Wednesday, December 17, 2008

Popular music

Perhaps its a sign that I'm now a bit into my third-decade that the radio captures more of my attention, earlier this week they had a fascinating story about Andre Rieu and Classical music. Its in some ways the same argument that has been made about modern adaptions of Shakespeare (how they perhaps make people seek to explore more). The question they were asking was how many people who would go to Andre's shows in Australia would go and listen to the Philharmonic Orchestra (or equivalent), not really a debate about his music per se.

I don't think Andre is a new phenomena as The Three Tenors / The Ten Tenors / Bond and Ill Divo are examples of musicians that have tried to bridge the 'genre-gap'. I'm not convinced that Andre will drive people to hear the 'local' orchestra, as its him they are going to see, rather than the music ~and perhaps this is why people look down on Andre ~ because its about him; more than the music.

Anyway just some random thoughts; and I one thing I would like to do in the new year is visit the opera house to hear an orchestra rather than contemporary music, as I've done previously.

:: Post-script: Related to this is the furor that the British reality TV show [X-Factor] has caused with recording a version of Leonard Cohen's Hallelujah. With the writer of this article asking --
what is it that makes Burke's (the X Factor contestant) version inauthentic and Buckley's authentic? And why be so depressed over the X Factor version, when the song has been exposed to mainstream audiences via its use on both The OC and Shrek soundtracks? Should we be happy that he song has been exposed to new audiences.

As the article says, Buckley's sales are going up in the vain hope that it will displace the version by Burke. (Driven by facebook groups).


  1. Hello Duncan. I appreciate your questions and ponderings. One thing I would like to correct or add if I may, is about the assumptions those who listen to and enjoy André Rieu's music .. Do not, have not and will not enjoy "pure" classical music. That they do not support their local symphonies and orchestras. Myself, I go to Andre Rieu concerts for the music.
    It is nothing short of Hubris for anyone to feel only they can claim what music is worthy or not to others. Giving a title of Classical or Pure is subjective. In Mozart's day his music was Modern, was it not? Can we all imagine those who at the time felt to be worthy (of what I've never found out) we should only listen to classical music and then to make it even narrower, only local classical music? Why, thank the heavens there was no radio back then, whatever would they do? Global? The Shame!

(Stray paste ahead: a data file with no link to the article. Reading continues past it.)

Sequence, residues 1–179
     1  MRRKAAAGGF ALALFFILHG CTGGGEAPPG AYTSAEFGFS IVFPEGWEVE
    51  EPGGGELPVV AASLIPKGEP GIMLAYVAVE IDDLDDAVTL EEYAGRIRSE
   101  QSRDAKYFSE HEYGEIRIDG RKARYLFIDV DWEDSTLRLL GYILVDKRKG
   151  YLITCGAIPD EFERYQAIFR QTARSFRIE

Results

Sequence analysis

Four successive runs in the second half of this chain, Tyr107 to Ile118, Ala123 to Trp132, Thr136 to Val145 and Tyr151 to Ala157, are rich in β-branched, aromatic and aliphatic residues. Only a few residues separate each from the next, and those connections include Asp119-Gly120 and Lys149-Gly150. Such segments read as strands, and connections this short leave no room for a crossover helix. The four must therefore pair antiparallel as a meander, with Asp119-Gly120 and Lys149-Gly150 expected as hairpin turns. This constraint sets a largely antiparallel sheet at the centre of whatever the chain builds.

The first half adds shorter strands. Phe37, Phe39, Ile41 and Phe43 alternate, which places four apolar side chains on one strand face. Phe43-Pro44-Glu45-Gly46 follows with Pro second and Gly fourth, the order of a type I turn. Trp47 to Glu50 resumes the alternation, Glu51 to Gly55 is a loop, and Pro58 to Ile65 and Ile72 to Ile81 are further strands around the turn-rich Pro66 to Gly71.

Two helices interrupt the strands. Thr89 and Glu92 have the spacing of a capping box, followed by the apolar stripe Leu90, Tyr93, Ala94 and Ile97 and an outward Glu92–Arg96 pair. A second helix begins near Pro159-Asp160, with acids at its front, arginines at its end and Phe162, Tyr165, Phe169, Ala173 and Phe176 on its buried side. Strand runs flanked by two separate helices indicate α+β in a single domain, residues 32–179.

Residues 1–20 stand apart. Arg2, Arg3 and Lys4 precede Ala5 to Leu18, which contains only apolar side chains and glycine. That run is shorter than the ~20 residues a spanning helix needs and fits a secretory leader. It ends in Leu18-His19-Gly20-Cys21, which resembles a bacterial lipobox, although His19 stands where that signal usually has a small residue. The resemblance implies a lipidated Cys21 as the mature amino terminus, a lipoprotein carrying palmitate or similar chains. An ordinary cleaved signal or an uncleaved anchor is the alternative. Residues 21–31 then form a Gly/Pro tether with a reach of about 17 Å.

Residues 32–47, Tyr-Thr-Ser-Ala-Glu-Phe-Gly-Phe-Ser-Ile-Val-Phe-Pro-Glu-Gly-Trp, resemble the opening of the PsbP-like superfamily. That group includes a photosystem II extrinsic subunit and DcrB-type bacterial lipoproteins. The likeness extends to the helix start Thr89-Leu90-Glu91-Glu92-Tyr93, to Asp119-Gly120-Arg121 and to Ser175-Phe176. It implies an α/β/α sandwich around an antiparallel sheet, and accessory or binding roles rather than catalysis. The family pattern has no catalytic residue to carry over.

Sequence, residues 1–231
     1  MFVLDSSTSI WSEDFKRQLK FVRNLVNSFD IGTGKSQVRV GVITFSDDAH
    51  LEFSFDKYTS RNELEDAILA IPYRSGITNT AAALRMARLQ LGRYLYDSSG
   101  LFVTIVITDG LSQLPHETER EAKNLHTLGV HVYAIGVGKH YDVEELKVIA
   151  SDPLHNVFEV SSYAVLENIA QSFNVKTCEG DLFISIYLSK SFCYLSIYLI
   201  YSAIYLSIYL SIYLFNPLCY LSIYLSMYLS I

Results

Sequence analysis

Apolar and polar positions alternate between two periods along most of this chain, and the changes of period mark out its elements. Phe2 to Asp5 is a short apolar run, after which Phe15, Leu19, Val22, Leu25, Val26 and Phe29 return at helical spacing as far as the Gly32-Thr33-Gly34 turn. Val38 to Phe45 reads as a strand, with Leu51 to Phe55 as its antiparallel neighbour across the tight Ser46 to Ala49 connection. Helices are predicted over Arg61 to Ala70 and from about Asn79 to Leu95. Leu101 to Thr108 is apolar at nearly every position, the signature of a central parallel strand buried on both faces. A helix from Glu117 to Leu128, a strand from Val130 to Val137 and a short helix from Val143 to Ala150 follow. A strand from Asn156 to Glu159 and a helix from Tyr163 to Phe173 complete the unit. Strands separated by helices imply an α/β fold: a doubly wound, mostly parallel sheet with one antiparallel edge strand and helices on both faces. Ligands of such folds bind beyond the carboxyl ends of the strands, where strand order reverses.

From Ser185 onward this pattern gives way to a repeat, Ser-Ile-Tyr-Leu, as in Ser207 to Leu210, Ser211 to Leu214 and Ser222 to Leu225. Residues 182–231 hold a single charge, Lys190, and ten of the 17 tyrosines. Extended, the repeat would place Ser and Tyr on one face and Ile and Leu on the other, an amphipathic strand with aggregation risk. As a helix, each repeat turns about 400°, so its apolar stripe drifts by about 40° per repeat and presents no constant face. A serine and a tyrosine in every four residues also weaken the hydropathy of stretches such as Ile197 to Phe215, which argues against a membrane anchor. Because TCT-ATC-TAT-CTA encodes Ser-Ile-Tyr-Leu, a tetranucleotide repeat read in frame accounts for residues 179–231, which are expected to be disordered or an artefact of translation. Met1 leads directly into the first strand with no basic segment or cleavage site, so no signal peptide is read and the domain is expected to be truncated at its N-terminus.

Andre's fans run the gauntlet. I am certain there are those who have never heard a classical piece of music in their lives, other than what Andre Rieu plays. There are far more fans such as myself who have studied music from a young age and feel no need to put Andre's music in any genre other than enjoyable. (I play piano - from age 6, viola, trumpet & guitar). I can tell you, I only play the music I wish to play. I play for me. The music must speak to me or I could not care less what genre, what category, how popular, how difficult, how flashy, how, I play for me. I believe Andre does the same; only in his case others enjoy it as well. And therein lays the problem I see. Other artists not wanting Andre's music to be appreciated. It comes down to jealously.
    Andre Rieu Fans appreciate a broad spectrum of music. Local and Worldly. I would dearly love to have seen Yehudi Menuhin perform. To this day I get Goosebumps to hear him. Fritz Kreisler and Ida Haendel are amongst my favorites as well. For piano, Jo Huijts. Yes, the first pianist for Andre's JSO. I am able to isolate him in recordings and it is as if he plays only to me. I could name piano greats, but you have the idea I believe.
    Local Orchestras starving for money need to look at their offerings. Speak to those who are hungry for good music, and provide it to them. Perhaps over simplified, but an honest thought.
    André began his training on the violin at the age of five, eventually studying at the Conservatoire Royal in Liège and the Conservatorium Maastricht, where his teachers included Jo Juda and Herman Krebbers. From 1974 to 1977, he attended the conservatoire in Brussels, where he studied under André Gertler. Andre won Premier Prix.
    And yet, his critics want to tell him what music he is to play. They wish to insult that he earns a living by bringing music to people. I earn a living at my job, should I too be insulted?
    How can there be such jealousy and hate, in a musical world where I hear only love?
    My personal thought about supporting local orchestras, choirs, high school bands and so forth...YES. It should be done, I hope it is done. But that has nothing to do with Andre Rieu. That is an individual choice one must make.

  2. Hi, thanks for your comment. I was not really trying to dispute that people may like both traditional classical music and Andre Rieu, (or that there's anything wrong if they do), as I am sure that there are many who like both.

    Though I do think it would be great if hearing Andre Rieu opened a door for others to walk through (not because its better music - but because its more music).

    Having said all that - its not really in Andre's control, but its not in dispute that he is introducing classical (and other) music to so many people.

    On the point of pure music though - that's the point I think i was trying make with the piece at the end on Hallelujah - I like Buckley's version, I like Cohen's version (and the one performed from Shrek), and i think its great that more people get to hear it.